Variability. There were some quantitative differences between right and left nerves at E45 that provide insight into the range of variation that can be found within a single case. Midorbital sections through the left nerve contained 370,000 fibers and 6200 growth cone profiles whereas comparable sections through the right nerve (Fig. 6) contained 380,000 fibers and 4100 growth cone profiles. The percentage of growth cones on the left was appreciably higher than on the right (1.8% vs. 1.1%). A similar 2-fold difference was also seen along the course of a single nerve taken from the E39 case (Fig. 4). Thus, as much as a 2-fold difference may arise from small differences in timing or sampling.
Figure 8. Radial gradient in growth cone distribution at E45. A, scattergram of the density of growth cones in 170 fascicles from a single cross section. The shortest distance from the center of each fascicle to the periphery of the nerve is plotted on the x-axis. Note the wide range of values of growth cone densities around the periphery—from 10 to 45 growth cone profiles per 100 µm2. A line has been drawn by eye through the data set to provide a simple synopsis of the gradient. B, a histogram of growth cone density in the same nerve. Here, we have divided the nerve into 10 concentric regions, each with the same area. The positions of the inner and outer borders of these 10 regions are marked on the x-axis. For instance, in the annulus with outer and inner edges at 13.0 and 18.0 µm, the density of growth cone profiles averages about 11 per 100 µm2. Because each bar represents the same size territory, this histogram can be used to assess relative and absolute numbers of growth cones in each zone. Roughly 50% of growth cones are located more than 15 µm from the pia mater.
Gradients in the Positions of Growth Cones
At E45 and as late as E70, there are pronounced gradients in growth cone density. Densities are typically low deep in the nerve and high around the perimeter. For instance, at E45 the density of growth cone profiles within individual fascicles at the margin of the nerve varies from 10 to 100 per 100 µm2 with an average of about 25 per 100 µm2, whereas in the center of the nerve, the density varies between 0 and 20 per 100 µm2, with an average of about 10 per 100 µm2 (Fig. 7). At E49, the density gradient is somewhat greater, with a 4-fold difference between center and periphery (Figs. 8A, 11).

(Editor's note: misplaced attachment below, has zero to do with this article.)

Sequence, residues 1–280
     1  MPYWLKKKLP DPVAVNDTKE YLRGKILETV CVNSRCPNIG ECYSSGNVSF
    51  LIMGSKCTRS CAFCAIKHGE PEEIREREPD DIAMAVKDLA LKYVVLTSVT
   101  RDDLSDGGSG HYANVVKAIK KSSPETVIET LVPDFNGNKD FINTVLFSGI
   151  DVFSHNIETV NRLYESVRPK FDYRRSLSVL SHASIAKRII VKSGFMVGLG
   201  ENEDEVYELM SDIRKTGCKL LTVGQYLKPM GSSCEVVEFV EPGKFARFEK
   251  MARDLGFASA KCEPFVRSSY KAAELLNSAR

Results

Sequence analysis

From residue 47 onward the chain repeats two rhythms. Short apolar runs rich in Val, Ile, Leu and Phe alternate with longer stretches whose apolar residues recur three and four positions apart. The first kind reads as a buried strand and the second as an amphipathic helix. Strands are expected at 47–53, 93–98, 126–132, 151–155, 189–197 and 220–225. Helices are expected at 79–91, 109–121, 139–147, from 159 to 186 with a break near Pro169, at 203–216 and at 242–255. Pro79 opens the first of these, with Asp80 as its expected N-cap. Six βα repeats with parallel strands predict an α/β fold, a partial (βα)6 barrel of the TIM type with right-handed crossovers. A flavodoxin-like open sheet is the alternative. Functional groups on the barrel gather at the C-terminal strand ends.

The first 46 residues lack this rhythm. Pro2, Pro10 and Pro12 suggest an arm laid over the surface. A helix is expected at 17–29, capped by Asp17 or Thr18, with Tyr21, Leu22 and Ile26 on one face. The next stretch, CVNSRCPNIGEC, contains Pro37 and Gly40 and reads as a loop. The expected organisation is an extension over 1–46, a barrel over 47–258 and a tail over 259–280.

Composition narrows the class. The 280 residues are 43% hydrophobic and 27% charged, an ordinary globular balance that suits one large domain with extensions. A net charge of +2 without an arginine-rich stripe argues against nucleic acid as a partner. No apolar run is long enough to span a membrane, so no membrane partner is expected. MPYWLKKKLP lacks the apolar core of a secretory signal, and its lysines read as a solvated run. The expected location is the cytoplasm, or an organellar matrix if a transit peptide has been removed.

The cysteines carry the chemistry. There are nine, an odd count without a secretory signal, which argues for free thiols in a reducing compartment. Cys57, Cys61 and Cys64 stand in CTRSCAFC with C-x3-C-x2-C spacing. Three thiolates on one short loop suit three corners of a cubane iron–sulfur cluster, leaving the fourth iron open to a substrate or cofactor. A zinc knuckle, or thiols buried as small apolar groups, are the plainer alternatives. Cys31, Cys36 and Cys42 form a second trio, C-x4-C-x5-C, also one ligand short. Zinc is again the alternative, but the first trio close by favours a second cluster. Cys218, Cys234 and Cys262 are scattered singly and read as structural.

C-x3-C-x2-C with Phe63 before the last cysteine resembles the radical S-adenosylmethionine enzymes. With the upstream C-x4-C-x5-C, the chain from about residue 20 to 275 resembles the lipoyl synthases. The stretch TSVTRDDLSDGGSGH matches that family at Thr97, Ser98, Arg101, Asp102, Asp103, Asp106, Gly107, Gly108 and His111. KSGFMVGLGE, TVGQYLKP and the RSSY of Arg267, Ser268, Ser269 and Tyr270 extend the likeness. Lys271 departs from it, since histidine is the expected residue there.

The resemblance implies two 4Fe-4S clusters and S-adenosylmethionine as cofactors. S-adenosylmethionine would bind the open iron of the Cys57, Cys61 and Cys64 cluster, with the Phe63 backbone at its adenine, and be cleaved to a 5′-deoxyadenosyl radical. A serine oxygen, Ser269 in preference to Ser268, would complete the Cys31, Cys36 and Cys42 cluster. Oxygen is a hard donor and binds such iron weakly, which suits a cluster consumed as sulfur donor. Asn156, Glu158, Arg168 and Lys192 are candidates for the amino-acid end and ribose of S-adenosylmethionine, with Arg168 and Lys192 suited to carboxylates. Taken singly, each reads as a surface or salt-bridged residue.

Figure 9. Radial gradient in growth cone distribution at E49. Conventions are as in Figure 8. In the scattergram of A, we have added data on the percentage of growth cones in each fascicle (squares) and also added a broken line to show the curve of growth cone density at E45. Note that when growth cone profiles are plotted as a percentage of all fibers, the gradient appears much steeper. The reason for this difference is made clear in Figure 10. The pattern of distribution of growth cones at E45 and E49 is practically the same. However, there are large quantitative differences, as indicated in A. Asterisk marks bar for which an error term could not be computed.
While growth cone density is often high around the perimeter of the
nerve, growth cones rarely if ever push through the glial sheath that
surrounds the nerve. Consequently, growth cones in the monkey do not
contact the basal lamina at any stage of development. This is true along
the entire optic nerve, as well as in the retina, chiasm, and optic tract
(Williams and Rakic, 1984).
Figure 10. Global attributes of the optic nerve at E49. A,
drawing of the fascicular structure of the nerve. Note that the majority
of fascicles in the center of the nerve are large, whereas fascicles near
the perimeter are small. Small fascicles tend to contain more growth cones
and more large axons. Large fascicles contain a population of older and